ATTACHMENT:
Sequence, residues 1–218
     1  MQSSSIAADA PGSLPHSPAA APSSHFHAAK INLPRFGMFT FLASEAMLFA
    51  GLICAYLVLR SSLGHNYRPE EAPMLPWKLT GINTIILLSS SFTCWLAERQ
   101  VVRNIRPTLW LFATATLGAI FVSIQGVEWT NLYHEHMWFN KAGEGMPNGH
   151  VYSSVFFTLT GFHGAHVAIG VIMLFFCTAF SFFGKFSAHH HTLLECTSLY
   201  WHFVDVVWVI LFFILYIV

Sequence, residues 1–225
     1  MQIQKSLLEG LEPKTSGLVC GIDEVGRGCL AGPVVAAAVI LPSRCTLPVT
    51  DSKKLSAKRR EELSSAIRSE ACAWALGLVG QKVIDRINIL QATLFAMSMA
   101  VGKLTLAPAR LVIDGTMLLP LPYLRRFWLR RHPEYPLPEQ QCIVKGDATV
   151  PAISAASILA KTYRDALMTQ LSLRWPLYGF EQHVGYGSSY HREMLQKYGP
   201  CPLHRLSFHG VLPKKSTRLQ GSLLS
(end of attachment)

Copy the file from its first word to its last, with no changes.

Sequence, residues 1–218
     1  MQSSSIAADA PGSLPHSPAA APSSHFHAAK INLPRFGMFT FLASEAMLFA
    51  GLICAYLVLR SSLGHNYRPE EAPMLPWKLT GINTIILLSS SFTCWLAERQ
   101  VVRNIRPTLW LFATATLGAI FVSIQGVEWT NLYHEHMWFN KAGEGMPNGH
   151  VYSSVFFTLT GFHGAHVAIG VIMLFFCTAF SFFGKFSAHH HTLLECTSLY
   201  WHFVDVVWVI LFFILYIV

Sequence, residues 1–225
     1  MQIQKSLLEG LEPKTSGLVC GIDEVGRGCL AGPVVAAAVI LPSRCTLPVT
    51  DSKKLSAKRR EELSSAIRSE ACAWALGLVG QKVIDRINIL QATLFAMSMA
   101  VGKLTLAPAR LVIDGTMLLP LPYLRRFWLR RHPEYPLPEQ QCIVKGDATV
   151  PAISAASILA KTYRDALMTQ LSLRWPLYGF EQHVGYGSSY HREMLQKYGP
   201  CPLHRLSFHG VLPKKSTRLQ GSLLS